20 Dec 2006

MSBuild using SQL Script parameters

I have been working with MSBuild and the Microsoft.Sdc.Tasks to deploy my current project’s databases.  Some of the SQL scripts that are executed within MSBuild need parameters to be set to create the database objects, which the Microsoft.Sdc.Tasks.Sql.Execute method supports.  To use parameters within MSbuild and SQL.Execute; firstly create an item group (<ItemGroup>) then create element of any name as this will become the name of the item that can be referred to in MSbuild.  Within the new element an attribute has to set called “Include”, then create two other elements called “name” and “value”.  Here is an example:


            <schemaName Include=”true”>




            <schemaTable Include=”true”>



            </ schemaTable >



The name element needs to be set to the name of the parameter including the @.  The value element needs to be set with the value to which the parameter has to be set to. The only gotach I have found so far is that string data needs to wrapped in the quotes. 


Then to the get the MSBuild to pass the parameter into the Sql.Execute Task set a attribute on the task called Parameters and then @(<ItemName>).  The Parameters will take in a list of parameters.  Here is an example:  <Sql.Execute Path="CreateTable.sql" ServerName="$(SQLServer)" DatabaseName="$(Database)" Parameters="@( schemaName);@( schemaTable)" />

To Collate or not to Collate

Collation plays an important role within the database, as it sets out how the SQL Server has to manage string data within storage & queries, yet I don’t script out the collation when scripting out my databases.  So why don’t I script out the collation if it so important? Its because if the collation is specified but not used properly within the database it can cause some of most common problems, like “Cannot resolve collation conflict for EQUAL TO operation” or “Cannot resolve collation conflict for UNION operation”. These errors are caused when string data within different collations are being compared or combined into the same result set; this is nothing new so why talk about collation now? Well it’s to do with the release of Visual Studio 2005 Team Edition for Database Professionals (VSTDB) something I think needed to be taken in consideration if this is being used to manage the database side of the project.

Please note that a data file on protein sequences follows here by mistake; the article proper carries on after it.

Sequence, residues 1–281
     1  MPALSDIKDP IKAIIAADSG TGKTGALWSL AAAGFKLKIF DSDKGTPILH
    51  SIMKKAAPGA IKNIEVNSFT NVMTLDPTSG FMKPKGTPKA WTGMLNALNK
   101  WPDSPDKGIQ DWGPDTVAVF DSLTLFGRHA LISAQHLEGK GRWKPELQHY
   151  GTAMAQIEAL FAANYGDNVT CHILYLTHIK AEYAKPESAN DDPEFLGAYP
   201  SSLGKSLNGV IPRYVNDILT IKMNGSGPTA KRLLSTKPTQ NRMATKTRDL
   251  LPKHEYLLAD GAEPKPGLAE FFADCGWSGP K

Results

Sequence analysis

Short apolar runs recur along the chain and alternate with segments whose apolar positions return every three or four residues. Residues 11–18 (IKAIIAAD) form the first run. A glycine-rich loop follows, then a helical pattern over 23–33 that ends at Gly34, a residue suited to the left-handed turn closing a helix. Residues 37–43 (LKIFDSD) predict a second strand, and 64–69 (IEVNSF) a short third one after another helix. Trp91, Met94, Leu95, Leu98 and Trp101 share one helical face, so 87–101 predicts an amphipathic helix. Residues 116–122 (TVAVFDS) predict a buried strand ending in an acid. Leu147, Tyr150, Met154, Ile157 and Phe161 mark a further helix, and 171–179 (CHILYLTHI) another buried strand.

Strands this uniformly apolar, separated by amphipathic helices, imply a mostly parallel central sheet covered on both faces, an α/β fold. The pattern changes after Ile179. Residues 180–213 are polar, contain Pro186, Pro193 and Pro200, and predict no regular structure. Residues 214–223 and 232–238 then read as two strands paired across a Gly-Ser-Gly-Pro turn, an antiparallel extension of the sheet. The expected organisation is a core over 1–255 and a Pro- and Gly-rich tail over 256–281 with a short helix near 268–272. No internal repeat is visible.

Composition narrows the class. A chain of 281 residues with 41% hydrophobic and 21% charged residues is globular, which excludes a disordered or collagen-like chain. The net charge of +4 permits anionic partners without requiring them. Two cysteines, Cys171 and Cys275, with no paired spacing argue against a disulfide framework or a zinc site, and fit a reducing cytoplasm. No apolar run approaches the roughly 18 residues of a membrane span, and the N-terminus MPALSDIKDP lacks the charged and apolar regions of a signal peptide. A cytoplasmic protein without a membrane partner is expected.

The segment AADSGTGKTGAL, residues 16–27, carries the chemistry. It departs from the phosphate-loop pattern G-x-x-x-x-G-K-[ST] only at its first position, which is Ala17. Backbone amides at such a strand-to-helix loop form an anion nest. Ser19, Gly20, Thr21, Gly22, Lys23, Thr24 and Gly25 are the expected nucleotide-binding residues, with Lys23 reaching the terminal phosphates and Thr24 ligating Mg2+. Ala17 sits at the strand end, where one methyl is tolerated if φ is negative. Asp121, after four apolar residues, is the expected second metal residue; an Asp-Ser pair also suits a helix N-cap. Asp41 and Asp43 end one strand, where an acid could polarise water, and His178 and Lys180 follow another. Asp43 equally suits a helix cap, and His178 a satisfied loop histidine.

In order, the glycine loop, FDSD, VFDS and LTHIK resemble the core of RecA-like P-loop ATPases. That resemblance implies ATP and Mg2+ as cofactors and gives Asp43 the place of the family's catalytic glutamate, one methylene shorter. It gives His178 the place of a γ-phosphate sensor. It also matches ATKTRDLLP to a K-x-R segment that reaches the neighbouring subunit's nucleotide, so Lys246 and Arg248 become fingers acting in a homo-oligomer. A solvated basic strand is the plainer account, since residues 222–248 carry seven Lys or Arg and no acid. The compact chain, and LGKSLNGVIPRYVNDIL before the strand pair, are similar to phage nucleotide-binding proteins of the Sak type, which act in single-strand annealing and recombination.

A cause for theses types of problem is when a table is created on a database with the collation scripted out and deployed on another database which has a different collation to the create script.  With the VSTDB this will not occur as much because a project will be assigned a collation and the database will be created with this collation or if the database does not get recreated and has a different collation then the tables will be created with the project collation (This is the desired behavior when I saw this last and was confirmed when I spoke to the VSTDB Team in November). So I can see that VSTDB will help with reducing these types of errors.


Another cause of the error is when creating temp tables without setting the collation to the same as the database collation and the server collation is different.  There are 2 ways to resolve this issue. The first is to rebuild your system tables to match the collation of the database that has been created or another way is by using the collation clause within the create temp table script(s) within the T-SQL code.  These errors could be become more frequent when using the VSTDB; because as mentioned before the database or tables that are create under the VSTDB are assigned the project collation, which will have to be of a type collation as there is no server default option and this could be different to that of the server that is being deployed to. 


By taking the time to put in the extra collation clause in the temp table script(s) it reduce the risk of database code failing with “cannot resolve collation” errors on any SQL server configuration.  Also it reduce the temptation of people changing the VSTDB project collation to match there server collation if they can’t change their SQL server default collation and causing different behavior of SQL statements.


I can understand the reason for making the database project ask for a collation because it means that when you unit test the code on any server it will always behave in the same way. Also it means as stated before, the database can run on any server with less risk of collation errors.

Delpoying Reporting Services Reports With MSBuild

I am currently responsible for deploying our project into the test and production environments.  The project has a few reports which need to be installed on a few report servers.  The deployment tool that I am using for the rest of my project is MSBuild so I tried to see if there was a way of getting MSBuild to deploy the reports.  The only method that I found was to write an RS script file which deployed the reports and calls the Exec task to run the RS script. 

So I started outright with RS script as I was not over joyed about writing VB.Net code as I am a C# coder. Then I remembered that MSBuild is customizable as it allows custom tasks to be written.  So I stopped writing my VB.Net code went back C# and created a few tasks that are commonly needed to deploy: AddReportUser, CreateReportFolder, CreateConnectionSoruces, DeployReports and SetReportsDataSource.  The task code was easy to write. I did have to change some of the auto generated code.  I changed the refence.cs file by changing the ReportingService2005 method to accept a string as it called and removed all references to the setting file and app.config.  I also deleted the setting file and app.config that was created by the Visual Studio.